What Garzotto found to be the indicator for a repeat biopsy was a high prostate specific antigen (PSA) adjusted for prostate size. A Gleason score of 7 or above was indicative that life-threatening prostate cancer may be present and a repeat biopsy is advised.

A Gleason score is a system of grading prostate cancer tissue based on how it looks under a microscope. Gleason scores range from 2 to 10 and indicate how likely it is that a tumor will spread. A low Gleason score means the cancer tissue is similar to normal prostate tissue and the cancer is less likely to spread; a high Gleason score means the cancer tissue is very different from normal tissue and the tumor is more likely to spread. A high grade of cancer results in a higher PSA. Garzotto also stresses the size of the prostate has to be taken into account when measuring PSA. "What we worry about is which men may have high-grade cancer. Now we can prescribe a second biopsy for a few months later. We know that this is a judicious use for a biopsy," Garzotto said. Besides identifying which men may have a deadly form of prostate cancer this new finding could also reduce the rate of overtreatment, unnecessary biopsies and overdiagnosis.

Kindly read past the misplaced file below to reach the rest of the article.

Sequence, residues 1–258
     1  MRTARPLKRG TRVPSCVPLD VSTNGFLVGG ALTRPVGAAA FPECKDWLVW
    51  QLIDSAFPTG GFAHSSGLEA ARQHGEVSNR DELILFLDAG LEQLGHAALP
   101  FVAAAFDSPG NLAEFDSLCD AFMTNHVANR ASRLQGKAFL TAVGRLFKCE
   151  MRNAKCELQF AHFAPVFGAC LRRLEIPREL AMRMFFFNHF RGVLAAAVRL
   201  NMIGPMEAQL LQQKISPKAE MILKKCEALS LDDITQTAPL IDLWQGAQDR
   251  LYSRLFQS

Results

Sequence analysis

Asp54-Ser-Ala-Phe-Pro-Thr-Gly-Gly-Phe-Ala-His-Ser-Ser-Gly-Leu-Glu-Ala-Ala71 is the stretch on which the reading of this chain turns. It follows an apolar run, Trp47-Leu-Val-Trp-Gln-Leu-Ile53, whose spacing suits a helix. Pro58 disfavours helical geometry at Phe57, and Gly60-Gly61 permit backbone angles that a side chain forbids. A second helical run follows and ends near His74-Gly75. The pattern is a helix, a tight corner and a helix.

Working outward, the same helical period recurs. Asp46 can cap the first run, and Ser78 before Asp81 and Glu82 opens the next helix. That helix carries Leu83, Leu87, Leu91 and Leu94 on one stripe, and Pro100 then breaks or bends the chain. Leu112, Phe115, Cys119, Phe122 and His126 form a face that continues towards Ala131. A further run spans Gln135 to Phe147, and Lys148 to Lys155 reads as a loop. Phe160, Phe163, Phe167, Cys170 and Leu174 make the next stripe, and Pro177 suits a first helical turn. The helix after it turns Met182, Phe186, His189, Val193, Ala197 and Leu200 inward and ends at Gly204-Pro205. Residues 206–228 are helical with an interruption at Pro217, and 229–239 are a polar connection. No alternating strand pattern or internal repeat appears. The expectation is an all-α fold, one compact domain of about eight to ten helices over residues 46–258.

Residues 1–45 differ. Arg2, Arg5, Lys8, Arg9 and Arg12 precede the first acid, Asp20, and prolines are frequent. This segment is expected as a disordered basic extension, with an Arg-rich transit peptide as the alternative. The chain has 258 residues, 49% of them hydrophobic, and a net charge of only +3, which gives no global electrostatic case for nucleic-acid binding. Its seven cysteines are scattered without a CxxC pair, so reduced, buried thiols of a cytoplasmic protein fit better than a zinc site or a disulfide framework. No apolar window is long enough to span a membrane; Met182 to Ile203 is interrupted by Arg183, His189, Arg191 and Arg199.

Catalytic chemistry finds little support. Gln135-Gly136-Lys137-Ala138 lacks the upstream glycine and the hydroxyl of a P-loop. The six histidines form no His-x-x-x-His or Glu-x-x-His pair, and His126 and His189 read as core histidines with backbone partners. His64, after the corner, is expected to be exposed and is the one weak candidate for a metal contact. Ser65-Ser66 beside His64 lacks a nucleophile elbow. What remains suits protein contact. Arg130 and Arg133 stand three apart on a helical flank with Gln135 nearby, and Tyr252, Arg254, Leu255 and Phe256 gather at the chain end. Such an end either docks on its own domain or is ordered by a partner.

Prostate biopsies can cause patient anxiety, pain, bleeding and infection, and can lead to a significant increase in medical and non-medical costs to health care systems and patients.

This study is particularly meaningful because of the large sample size of patient cases, and it is longitudinal, which means researchers were able to study the patients for many years.